It’s a rare kind of worker who doesn’t occasionally cast their gaze out of the office window or poke their head above the grey, padded cubicle to see if the grass might just be a bit greener on the other side.
Same goes for many of those in the hedge fund business, in particular that special group of bee workers called marketers, whose sole job is to pull in assets and keep them there for as long as possible. Unfortunately, despite significant changes in how hedge funds are looking to collect and retain assets and what kind of assets they’re looking for, the grass is looking just as brown on the other side as it is in marketers’ own backyard
That’s the message from executive search and placement firm Alpha Search Advisory Partners’ most recent marketer survey released earlier this month. The survey, entitled, The Business of Hedge Funds (click here to download) notes some interesting facts about hedge fund marketers and their own “flight to quality” experiences following the 2008 market collapse and 2009 rebound.
Of the total survey respondents, 30% worked for firms with over $10 billion in assets under management, 28% worked for firms with $1-2 billion in AUM, another 28% worked for firms with $3-5 billion in AUM and the remaining 14% of respondents were employed at firms with between $6-10 in AUM.
What the study found was that, despite hedge funds revising their infrastructure, staffing and compensation policies to attract so-called “sticky money” from pension funds, endowments and other institutional investors, they were not moving very quickly to change their marketers’ pay structure.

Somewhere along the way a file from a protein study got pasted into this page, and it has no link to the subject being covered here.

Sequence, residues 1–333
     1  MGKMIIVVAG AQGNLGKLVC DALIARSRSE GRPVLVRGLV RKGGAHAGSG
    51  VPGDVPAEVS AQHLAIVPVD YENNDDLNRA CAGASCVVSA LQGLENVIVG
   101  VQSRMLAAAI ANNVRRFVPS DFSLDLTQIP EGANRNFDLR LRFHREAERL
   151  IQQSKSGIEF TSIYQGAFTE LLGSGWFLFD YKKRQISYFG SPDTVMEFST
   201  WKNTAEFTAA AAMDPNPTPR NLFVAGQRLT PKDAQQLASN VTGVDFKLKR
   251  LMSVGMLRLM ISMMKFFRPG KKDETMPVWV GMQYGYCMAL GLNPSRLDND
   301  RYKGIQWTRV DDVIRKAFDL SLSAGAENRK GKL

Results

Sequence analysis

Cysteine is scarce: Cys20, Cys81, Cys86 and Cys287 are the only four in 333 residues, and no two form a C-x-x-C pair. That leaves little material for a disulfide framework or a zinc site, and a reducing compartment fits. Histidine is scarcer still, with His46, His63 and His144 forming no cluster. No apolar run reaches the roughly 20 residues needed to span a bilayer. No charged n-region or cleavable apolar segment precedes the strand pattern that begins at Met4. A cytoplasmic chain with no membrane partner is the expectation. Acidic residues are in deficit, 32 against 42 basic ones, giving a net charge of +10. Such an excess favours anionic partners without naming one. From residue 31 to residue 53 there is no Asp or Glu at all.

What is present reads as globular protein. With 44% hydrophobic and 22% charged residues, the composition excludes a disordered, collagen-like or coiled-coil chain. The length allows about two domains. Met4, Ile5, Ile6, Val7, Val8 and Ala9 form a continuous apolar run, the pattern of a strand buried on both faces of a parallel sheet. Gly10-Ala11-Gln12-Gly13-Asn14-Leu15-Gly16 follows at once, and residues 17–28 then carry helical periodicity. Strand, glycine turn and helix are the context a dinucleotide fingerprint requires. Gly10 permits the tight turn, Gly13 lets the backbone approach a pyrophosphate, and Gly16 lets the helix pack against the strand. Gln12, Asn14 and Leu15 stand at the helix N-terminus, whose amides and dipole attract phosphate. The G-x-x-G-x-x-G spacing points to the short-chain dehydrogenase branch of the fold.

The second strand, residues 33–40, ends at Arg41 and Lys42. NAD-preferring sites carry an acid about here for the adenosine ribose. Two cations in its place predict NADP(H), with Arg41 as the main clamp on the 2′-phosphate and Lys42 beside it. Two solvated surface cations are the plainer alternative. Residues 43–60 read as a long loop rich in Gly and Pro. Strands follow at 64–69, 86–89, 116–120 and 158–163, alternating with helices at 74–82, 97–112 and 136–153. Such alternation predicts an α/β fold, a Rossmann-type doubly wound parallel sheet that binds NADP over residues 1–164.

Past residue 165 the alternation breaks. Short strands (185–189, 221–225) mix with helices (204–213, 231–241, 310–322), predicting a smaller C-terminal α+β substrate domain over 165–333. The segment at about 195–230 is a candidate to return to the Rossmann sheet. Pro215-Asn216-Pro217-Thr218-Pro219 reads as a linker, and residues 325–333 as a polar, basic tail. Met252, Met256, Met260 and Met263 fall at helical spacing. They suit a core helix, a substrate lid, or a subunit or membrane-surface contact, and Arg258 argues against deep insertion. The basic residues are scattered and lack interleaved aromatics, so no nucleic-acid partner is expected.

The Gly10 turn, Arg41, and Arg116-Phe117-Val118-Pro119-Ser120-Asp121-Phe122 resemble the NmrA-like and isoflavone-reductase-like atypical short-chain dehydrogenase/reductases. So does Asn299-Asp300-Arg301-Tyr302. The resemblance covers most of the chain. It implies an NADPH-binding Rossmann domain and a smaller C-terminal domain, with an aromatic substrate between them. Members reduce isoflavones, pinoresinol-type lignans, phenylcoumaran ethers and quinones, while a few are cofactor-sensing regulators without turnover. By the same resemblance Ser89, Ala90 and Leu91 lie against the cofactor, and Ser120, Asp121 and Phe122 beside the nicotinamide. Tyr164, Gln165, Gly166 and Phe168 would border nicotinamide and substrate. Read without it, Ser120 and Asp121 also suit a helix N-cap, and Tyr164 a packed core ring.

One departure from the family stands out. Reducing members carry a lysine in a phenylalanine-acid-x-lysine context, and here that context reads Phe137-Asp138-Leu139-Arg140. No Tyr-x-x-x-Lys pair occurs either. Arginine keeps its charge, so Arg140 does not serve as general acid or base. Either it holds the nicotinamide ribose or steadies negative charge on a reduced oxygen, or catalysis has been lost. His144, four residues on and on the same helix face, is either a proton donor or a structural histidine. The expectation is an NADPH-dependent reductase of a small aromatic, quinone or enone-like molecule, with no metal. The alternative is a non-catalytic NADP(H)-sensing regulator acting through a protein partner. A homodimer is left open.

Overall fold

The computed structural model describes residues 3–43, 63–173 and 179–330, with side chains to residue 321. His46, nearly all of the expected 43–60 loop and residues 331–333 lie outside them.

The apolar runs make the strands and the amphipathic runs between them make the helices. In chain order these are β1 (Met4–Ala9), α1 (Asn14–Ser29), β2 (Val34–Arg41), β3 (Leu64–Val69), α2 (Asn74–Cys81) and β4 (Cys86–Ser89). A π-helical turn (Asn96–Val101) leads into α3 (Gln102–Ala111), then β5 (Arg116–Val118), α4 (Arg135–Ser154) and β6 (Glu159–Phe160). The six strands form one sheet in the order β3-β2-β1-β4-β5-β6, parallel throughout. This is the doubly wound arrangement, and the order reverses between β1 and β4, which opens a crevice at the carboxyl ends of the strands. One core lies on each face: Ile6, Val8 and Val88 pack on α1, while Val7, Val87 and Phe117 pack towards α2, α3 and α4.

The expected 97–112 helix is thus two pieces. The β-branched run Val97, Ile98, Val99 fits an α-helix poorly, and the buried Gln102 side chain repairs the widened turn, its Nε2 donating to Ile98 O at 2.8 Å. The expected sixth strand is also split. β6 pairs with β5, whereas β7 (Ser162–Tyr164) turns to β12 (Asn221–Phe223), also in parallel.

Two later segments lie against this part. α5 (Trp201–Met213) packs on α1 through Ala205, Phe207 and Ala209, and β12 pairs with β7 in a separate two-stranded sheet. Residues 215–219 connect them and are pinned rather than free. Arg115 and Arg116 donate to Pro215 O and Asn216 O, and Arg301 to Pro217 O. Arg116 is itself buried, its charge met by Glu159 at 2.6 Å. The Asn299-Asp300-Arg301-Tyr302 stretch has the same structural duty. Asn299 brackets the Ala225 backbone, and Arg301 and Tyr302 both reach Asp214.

Indeed, of the 47 in-house marketing professionals at funds with more than $1 billion in AUM surveyed, the study found that only 6% of respondents had both a discretionary and formulaic component to their incentive pay – a structure that would allow marketers the flexibility to go after institutional assets.
Meanwhile, it still takes a village to haul in assets. Some 60% of respondents said their marketing departments were primarily organized by team, while 32% were organized to promote individual efforts. Only 8% indicated a combination of team and individual approaches (see chart below).
The age and breadth of the experience also lends itself well to the village elders apparently. In terms of experience, 66% of respondents have seven or more years in buy-side marketing experience. A smaller percentage (28%) have between 3 and 6 years of buy-side marketing experience and only 6% have less than 2 years in buy-side marketing experience.
Still, even with significant changes in the kind of assets hedge funds want and demand for marketers who not only have a rolodex but a good rolodex, the overall compensation structure hasn’t improved much from 2008, the survey found. Either way, marketers themselves have tried to find greener grass. According to the survey, roughly have of those polled have changed jobs since 2008 – despite the more difficult fundraising environment (see chart below).
The good news is that more assets are indeed flowing into the hedge fund space. According to Eurekahedge, assets under management in the hedge fund industry have now recovered to their pre-2008 highs, exceeding $1.6 trillion.
The other bit of good news, which we at AllAboutAlpha.com reported on recently, hope remains that investors will continue hopping off the fence and into alternatives, providing a nice little bit of money flow to the marketers who do their best to make that happen.
So perhaps the green grass is growing all around, all around – to borrow the lyrics from a campfire song. It will be interesting to see whether marketers start receiving their just dessertsor if they find new, greener opportunities thanks to continued influx of assets.